Parenting and pandemics

With news and media coverage about COVID-19 on a 24-hour cycle, it’s normal for children to also feel overwhelmed and stressed about what’s going in the world right now. However, there are many great organisations and resources available to help you navigate through parenting at this time.

To understand how to best support children and reduce their worry and distress, we have sourced information from Emerging Minds, a dedicated body for promoting mental health and emotional wellbeing in Australian infants, children, adolescents and their families. They have issued advice aligned with the World Health Organisation’s response to helping children cope.

We also spoke to two young GMHBA members, Archie 8, and Jem 12, to better understand and capture the viewpoints of children.

What type of response will you expect from children?

Children may respond to stress in different ways such as being more clingy, anxious, withdrawing, angry or agitated. This is a confusing time for their young minds.

Keep in mind that the out of character tantrums or over the top reactions to a situation may be the child acting out their stress and worry – even if they can’t put it into words at the time.

Archie told us, “I feel scared and stressed. I feel scared because it might get to my friends and family. I feel stressed because things are different to normal.”

“I'm worried for other people like older people who might be more affected, but I'm not worried about me because I know that nothing really will happen,” says Jem.

How can you respond to your kids distress and worry?

  • Listen to what they are concerned about, let them lead the discussion and ask any questions and talk about conclusions they may have drawn from what they’ve seen on the news.
  • Respond to children’s reactions in a supportive way, repeat back what you’ve heard to show you are listening. Reassuring them may also consist of correcting misinformation to alleviate any unnecessary worries.
  • Make sure your children feel safe – during these difficult times they will need extra time, love and attention. Speak kindly and honestly with them, and ask what you can do to help make them feel better.

How can you keep children informed in a positive way?

Provide facts about what has happened, explain what is going on now and give them clear information about how to reduce their risk of being infected by the disease in words that they can understand, depending on their age.

Check out Kids Helpline for health info, mental health tips and ideas to decrease anxiety for children who may be feeling anxious during this time. Kids Helpline is available 24/7 to answer your call on 1800 55 1800, email or web chat.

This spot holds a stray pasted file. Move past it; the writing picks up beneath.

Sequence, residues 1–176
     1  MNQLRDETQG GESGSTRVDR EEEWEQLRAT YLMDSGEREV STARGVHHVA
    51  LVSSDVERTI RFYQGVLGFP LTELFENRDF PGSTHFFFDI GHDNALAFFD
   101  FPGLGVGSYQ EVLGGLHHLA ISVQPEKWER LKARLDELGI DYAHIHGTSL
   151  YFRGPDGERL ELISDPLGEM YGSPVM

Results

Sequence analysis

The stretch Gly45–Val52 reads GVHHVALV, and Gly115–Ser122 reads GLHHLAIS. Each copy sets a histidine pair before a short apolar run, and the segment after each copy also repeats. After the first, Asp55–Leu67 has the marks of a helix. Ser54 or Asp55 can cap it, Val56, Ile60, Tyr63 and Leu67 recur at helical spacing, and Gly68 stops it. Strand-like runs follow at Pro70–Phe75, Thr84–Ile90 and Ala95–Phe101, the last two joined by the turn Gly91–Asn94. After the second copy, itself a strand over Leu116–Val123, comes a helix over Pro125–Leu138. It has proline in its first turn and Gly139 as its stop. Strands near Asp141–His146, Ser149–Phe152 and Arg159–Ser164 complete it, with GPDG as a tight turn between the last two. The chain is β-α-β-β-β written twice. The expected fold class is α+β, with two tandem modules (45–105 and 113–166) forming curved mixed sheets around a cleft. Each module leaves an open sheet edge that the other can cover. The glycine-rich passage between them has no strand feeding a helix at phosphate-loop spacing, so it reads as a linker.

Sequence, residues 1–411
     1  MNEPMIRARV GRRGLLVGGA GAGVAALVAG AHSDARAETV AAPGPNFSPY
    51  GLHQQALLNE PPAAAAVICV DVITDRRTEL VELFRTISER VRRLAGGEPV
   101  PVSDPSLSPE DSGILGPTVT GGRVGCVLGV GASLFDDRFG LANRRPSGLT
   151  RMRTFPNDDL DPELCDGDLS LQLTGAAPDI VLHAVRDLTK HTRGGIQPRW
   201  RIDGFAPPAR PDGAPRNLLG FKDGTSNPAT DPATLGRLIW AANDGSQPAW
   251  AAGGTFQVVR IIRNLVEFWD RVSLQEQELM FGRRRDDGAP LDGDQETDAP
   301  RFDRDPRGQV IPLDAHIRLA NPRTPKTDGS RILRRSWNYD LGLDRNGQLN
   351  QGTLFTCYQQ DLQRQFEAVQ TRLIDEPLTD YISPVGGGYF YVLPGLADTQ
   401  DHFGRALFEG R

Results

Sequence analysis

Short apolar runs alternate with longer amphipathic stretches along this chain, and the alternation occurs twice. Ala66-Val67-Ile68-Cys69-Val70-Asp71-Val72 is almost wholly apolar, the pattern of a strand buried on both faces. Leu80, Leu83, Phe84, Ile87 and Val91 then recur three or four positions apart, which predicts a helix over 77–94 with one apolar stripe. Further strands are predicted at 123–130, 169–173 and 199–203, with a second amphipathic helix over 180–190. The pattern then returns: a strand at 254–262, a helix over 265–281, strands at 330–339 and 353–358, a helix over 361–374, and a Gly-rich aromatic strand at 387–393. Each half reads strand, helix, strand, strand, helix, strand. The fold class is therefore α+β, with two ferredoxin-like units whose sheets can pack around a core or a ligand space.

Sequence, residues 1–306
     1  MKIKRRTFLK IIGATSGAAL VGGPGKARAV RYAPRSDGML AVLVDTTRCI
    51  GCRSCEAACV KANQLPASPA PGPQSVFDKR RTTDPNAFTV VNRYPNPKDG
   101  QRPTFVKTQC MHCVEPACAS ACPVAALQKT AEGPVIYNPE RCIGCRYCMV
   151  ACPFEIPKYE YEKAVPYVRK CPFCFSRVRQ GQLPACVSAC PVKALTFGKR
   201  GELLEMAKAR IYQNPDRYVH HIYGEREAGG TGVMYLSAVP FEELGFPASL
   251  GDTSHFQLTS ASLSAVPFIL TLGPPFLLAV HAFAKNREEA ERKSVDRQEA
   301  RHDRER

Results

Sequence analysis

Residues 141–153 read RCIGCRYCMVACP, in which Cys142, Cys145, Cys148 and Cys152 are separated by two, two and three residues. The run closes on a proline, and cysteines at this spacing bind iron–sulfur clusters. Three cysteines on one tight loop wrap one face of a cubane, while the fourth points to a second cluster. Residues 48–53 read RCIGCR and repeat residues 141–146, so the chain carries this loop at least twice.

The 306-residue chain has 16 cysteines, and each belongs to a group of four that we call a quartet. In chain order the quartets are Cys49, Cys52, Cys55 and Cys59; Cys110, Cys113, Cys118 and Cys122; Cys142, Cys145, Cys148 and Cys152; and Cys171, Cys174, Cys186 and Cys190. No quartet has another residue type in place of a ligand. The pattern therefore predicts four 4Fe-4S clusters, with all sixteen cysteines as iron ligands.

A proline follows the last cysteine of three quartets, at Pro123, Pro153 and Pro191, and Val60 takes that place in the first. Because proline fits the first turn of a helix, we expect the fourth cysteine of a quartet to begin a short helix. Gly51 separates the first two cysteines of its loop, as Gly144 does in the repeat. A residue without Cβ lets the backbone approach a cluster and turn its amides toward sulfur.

You can also provide information in a reassuring way about what could happen (such as a family member not feeling well and may have to go to the hospital for some time, so doctors can help them feel better). Don’t be afraid to discuss it. Kids Helpline have released an educational video for children who may be worried about loved ones getting sick.

And remember, take time out from social media and news reports yourself. Use this time with your family to develop stronger relationships and learn more about each other.

How can you create a feeling of ‘normality’ in a day?

If possible, make opportunities for children to play and relax. It can look like:

  • Family board games and puzzles.
  • Cooking a family meal or treat together.
  • Going on morning and afternoon walks around the block. Try spotting something different that you notice on each walk!
  • Listening to an audiobook, podcast or reading a book together. Check out COVIBOOK, a book designed to help and reassure children around the world about COVID-19.
  • Have a picnic in your backyard or living room.
  • Make a fort and have a sleepover in your living room.

Archie and Jem are keeping busy with crafts, basketball, riding bikes, painting, and learning. “I use my iPad for learning,” said Archie.

Jem told us “As a family we set up a plan for what we are going to do each day or week to stay healthy.”

Archie and Jem’s parents added “Our family sat down last night and got a big piece of paper for mental health, physical health, learning/education and family time/me time. We all wrote ideas on how we are going to work together to get through our home isolation. The kids were really into it, and it will be a great way to reinforce off-screen time.”

Try keeping to regular or new routines and schedules as much as possible, as well as time for safely playing and relaxing. And don’t forget to take time out for yourself too.